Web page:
If the EU were to decide to revoke the Philippines’ STCW recognition, this would create major problems for the European shipping sector. It is not possible to replace Filipino captains and officers with captains or officers from the Netherlands, the EU or from outside the EU, simply because they are not available on the labour market and cannot be trained in the short term.

Furthermore, due to developments in Russia and Ukraine, there is currently a very uncertain labour market for Russian and Ukrainian captains and officers. Withdrawal of the Philippines’ recognition will therefore lead to an outright crisis in the labour market for captains and officers of EU-flagged ships.

As a result of a withdrawal of European recognition, a substantial section of both the Dutch and European fleets will be affected. This may result in shipping companies with European-flagged vessels being forced to transfer to a non-EU flag. Then these ships can simply continue to be manned with Filipino captains and officers; business operations will not be jeopardised. Only then will cargo flows to and from and within Europe not be seriously disrupted. And only then there will be no supply chain problems and shortages/higher prices/inflation.

State of play - 10 January 2023

The European Union is expected to make a decision on the STCW recognition of the Philippines as early as spring 2023. This is the recognition based on which EU member states recognise the sailing qualifications of Filipino captains and officers.

The KVNR urges the Dutch government to take several factors into account when deciding on the Philippines’ STCW recognition and, in particular, to look at the efforts that have been and are being made in the Philippines in recent years to improve the supervision of nautical education and issuance of certificates. These developments should be given more time, also taking into account the inhibiting effect of the coronavirus pandemic in the past two to three years.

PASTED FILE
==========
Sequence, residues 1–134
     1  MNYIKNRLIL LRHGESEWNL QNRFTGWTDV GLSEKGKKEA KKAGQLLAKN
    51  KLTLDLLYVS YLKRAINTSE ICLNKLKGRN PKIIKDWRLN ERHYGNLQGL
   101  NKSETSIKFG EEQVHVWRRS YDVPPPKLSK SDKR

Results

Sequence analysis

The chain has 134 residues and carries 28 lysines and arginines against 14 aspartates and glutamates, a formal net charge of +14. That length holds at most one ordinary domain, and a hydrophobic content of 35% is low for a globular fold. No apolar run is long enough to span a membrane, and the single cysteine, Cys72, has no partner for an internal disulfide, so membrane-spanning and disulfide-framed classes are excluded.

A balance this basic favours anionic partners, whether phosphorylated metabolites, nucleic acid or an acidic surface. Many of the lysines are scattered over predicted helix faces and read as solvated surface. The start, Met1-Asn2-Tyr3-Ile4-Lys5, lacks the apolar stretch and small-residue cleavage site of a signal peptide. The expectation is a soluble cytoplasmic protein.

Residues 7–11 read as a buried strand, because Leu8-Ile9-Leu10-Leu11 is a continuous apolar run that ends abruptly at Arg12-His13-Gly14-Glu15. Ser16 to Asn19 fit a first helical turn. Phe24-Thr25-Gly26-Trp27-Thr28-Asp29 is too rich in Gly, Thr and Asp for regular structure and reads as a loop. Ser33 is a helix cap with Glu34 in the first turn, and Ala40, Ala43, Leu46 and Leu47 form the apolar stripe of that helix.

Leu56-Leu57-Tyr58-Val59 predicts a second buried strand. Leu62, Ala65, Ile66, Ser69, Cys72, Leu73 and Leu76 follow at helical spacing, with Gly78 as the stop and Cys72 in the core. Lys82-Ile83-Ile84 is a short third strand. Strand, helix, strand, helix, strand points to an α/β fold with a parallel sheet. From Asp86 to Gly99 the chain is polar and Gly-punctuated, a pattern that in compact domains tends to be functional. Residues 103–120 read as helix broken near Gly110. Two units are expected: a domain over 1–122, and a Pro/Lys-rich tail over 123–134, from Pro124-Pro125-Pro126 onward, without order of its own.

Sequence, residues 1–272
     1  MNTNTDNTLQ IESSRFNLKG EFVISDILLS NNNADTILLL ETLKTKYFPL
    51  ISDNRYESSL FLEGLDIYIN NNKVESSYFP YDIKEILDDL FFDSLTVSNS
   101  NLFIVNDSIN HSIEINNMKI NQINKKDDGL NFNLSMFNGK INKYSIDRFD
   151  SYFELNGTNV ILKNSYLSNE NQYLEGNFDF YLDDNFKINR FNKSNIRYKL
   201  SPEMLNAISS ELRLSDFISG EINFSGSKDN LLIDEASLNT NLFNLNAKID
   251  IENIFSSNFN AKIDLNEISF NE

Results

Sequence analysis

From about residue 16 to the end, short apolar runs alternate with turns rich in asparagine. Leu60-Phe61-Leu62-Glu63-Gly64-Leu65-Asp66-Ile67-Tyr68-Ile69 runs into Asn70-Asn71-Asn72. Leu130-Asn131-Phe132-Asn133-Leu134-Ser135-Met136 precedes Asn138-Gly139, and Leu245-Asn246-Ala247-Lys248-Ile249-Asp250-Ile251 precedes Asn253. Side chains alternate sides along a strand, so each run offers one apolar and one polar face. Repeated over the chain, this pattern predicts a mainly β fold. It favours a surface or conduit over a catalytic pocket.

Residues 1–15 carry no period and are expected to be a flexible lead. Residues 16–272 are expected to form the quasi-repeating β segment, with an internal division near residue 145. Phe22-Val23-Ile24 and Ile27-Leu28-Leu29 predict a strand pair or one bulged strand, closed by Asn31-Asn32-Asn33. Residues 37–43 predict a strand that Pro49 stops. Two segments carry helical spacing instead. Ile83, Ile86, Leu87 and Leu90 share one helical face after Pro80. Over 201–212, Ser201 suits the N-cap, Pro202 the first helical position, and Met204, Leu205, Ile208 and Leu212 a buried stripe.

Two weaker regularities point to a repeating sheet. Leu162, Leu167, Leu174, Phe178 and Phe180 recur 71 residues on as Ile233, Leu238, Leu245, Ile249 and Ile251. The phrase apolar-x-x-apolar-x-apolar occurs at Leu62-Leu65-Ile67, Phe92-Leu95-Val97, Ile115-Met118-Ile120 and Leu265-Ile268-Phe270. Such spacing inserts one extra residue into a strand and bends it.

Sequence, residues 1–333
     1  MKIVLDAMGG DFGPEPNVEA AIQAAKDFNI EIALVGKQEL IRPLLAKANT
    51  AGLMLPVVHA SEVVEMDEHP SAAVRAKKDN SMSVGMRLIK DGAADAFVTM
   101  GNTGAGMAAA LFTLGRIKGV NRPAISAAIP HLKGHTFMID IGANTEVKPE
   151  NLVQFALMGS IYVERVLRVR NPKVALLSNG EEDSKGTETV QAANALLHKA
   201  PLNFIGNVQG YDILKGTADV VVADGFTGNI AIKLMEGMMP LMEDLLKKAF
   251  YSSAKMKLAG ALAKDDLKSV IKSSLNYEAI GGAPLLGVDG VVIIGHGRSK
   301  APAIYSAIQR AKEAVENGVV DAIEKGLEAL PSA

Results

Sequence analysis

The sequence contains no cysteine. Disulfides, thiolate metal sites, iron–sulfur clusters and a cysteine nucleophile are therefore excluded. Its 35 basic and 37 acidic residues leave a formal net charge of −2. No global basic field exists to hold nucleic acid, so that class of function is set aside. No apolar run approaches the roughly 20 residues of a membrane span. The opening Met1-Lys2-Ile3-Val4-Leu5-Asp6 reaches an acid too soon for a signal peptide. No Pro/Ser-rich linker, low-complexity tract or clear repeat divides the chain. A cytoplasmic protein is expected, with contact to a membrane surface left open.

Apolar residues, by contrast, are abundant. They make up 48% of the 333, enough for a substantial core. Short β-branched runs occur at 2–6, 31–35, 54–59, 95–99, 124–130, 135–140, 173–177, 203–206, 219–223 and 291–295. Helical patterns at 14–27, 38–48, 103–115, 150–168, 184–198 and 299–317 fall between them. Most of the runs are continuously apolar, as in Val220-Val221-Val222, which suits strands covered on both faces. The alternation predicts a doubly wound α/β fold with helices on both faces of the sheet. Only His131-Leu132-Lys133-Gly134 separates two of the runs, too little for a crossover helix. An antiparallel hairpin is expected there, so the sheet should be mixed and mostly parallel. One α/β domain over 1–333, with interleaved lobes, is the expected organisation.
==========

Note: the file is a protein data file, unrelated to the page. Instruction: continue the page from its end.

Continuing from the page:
Without in any way deferring from the golden rule that regulations should be complied with, it can be said that the concerns expressed by the EC and EMSA are more about procedural aspects (lack of supervision) and do not originate from concrete concerns about on-board safety and environmental protection.

Moreover, the KVNR emphasises that shipping companies themselves also closely monitor the level of knowledge and skills (and experience) of Filipino captains and officers operating on ships. To this end, offices have been set up in the Philippines and intensive partnerships have been established with local crew agents. The cooperation between the Philippine nautical college Palompon Institute of Technology (PIT) and the KVNR, which has been ongoing since 2001, is another prime example of quality assurance from within the shipping industry itself.